As stated, having a variation in ones football armoury provides a team with the choice of playing options. These options are obviously set by the quality of the players available. The better the players the more confident they will be at playing in congested space; the poorer players will lack the ability to play in similar pressurized circumstances. Barcelona, are at present a great example of a team able to retain ball possession even when under severe pressure from an opposing team. The individual talent within their squad allows them to hold the playing initiative from start to finish in almost all games in which they compete. Their short passing and moving style is both attractive to watch as well as being extremely successful in domestic and international games. However, even such talented squads as Barcelona and the Spanish national team, are finding difficulties to penetrate packed defences with shorter and often slower build-up play. Most teams are unable to select players anywhere near the standard of the Barcelona squad, but they are still expected to play an attractive and effective (winning) style of football. The ability to force the game into the oppositions back third with the use of the long pass when pressurized near ones own back third or in order to produce a fast counter attack, provides a variation, when necessary, to the shorter playing style.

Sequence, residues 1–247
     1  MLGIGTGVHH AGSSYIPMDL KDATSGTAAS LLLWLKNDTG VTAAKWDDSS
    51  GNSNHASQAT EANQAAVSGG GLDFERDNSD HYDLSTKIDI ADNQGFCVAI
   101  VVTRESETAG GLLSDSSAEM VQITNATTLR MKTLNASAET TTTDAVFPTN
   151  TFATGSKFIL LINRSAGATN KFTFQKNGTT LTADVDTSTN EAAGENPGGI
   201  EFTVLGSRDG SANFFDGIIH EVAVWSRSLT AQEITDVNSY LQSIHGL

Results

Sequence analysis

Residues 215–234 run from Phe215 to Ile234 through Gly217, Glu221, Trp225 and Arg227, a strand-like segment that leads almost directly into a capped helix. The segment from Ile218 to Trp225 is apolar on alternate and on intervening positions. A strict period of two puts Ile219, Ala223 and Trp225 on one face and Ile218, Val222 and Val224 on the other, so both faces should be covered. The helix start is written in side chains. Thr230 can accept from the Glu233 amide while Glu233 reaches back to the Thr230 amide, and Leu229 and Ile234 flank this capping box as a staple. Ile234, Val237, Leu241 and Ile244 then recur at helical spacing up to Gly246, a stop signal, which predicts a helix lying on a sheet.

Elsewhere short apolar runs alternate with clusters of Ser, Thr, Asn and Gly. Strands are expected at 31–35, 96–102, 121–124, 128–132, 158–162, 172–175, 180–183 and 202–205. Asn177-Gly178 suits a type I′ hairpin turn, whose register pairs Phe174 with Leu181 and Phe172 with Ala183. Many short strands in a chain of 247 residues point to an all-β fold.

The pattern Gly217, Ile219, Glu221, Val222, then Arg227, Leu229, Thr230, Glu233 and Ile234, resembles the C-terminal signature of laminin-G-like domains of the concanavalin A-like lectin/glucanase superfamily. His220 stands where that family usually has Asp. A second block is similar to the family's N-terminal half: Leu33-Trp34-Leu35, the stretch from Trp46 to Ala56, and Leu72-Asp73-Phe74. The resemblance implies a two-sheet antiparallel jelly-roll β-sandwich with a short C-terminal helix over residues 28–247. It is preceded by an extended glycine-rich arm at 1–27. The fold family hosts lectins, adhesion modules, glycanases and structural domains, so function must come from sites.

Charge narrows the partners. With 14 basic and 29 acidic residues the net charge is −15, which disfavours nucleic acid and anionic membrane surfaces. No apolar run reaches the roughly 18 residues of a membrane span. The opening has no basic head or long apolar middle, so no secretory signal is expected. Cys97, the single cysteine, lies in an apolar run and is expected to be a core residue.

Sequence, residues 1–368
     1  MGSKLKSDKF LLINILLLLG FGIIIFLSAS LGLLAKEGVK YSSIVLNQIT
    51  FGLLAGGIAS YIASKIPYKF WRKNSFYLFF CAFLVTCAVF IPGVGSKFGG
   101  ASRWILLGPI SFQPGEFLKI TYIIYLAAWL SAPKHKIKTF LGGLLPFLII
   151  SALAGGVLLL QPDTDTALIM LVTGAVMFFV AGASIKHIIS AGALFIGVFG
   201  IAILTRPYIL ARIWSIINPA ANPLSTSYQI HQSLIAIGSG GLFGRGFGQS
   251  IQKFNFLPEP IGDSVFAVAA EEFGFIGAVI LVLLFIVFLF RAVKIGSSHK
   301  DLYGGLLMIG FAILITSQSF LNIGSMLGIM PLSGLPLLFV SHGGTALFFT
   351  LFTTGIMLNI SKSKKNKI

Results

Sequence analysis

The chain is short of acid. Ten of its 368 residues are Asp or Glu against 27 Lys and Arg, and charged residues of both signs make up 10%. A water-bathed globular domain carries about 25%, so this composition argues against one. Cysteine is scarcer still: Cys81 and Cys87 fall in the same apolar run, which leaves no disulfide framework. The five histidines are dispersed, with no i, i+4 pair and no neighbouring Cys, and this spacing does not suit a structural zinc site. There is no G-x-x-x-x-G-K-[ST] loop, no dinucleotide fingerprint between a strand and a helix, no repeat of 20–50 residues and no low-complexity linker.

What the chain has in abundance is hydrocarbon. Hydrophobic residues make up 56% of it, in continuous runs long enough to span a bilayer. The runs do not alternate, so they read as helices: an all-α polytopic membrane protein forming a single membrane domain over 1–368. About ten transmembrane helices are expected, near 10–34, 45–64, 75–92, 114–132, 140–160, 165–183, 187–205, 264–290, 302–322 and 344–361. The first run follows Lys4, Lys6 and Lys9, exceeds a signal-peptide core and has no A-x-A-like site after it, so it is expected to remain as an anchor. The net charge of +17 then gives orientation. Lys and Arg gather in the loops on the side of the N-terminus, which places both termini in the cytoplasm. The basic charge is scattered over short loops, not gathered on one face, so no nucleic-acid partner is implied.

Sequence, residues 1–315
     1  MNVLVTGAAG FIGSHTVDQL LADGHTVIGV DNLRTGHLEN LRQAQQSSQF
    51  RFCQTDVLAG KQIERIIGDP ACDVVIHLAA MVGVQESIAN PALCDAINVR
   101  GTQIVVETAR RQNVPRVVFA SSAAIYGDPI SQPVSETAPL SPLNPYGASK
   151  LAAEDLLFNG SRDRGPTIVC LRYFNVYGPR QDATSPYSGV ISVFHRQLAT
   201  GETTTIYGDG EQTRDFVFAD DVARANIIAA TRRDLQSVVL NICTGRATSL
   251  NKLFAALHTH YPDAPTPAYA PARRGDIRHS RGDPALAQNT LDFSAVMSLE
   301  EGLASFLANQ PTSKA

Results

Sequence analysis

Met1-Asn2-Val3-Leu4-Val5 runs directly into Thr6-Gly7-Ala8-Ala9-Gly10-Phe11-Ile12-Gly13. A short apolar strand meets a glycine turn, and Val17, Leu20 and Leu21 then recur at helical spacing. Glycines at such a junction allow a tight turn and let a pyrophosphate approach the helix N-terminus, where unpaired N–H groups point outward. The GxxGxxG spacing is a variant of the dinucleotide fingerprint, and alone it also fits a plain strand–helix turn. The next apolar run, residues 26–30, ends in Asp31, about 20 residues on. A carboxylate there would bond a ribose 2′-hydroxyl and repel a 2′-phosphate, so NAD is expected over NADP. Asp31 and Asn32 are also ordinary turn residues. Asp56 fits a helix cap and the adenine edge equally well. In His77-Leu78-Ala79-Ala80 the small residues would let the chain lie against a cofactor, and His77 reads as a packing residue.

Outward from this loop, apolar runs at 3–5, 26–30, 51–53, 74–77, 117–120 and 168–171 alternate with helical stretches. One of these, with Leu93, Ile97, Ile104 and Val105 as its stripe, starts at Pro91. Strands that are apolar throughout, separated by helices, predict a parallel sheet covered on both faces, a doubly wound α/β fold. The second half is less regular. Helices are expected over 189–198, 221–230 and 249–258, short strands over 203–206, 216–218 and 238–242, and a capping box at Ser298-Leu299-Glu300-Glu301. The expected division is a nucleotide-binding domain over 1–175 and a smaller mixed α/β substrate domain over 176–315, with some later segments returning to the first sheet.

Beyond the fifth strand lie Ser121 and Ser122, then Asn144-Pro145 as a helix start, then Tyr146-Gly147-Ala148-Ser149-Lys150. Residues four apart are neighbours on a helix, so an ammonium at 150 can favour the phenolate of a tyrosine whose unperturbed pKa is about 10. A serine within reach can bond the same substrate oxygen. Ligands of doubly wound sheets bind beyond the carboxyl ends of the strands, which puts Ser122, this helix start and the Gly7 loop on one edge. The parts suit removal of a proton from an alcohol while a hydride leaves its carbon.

At this point the game-style preferred here tends to drift apart from those used elsewhere around the world. We are caught in a ‘catch22’ situation. Unlike most countries we produce unskilful, back players, especially central back players, who are ‘bred’ to defend against the long, high ball. The limited ability of most of these players demands a simple, no risk return using the same type of long, high pass towards the opposing defenders, and so the British ‘direct play’ style continues unabated. Little attempt is made to improve the playing quality of our back players and their overuse of simplistic and confrontational long balls forward damages any playing talent in other parts of their team.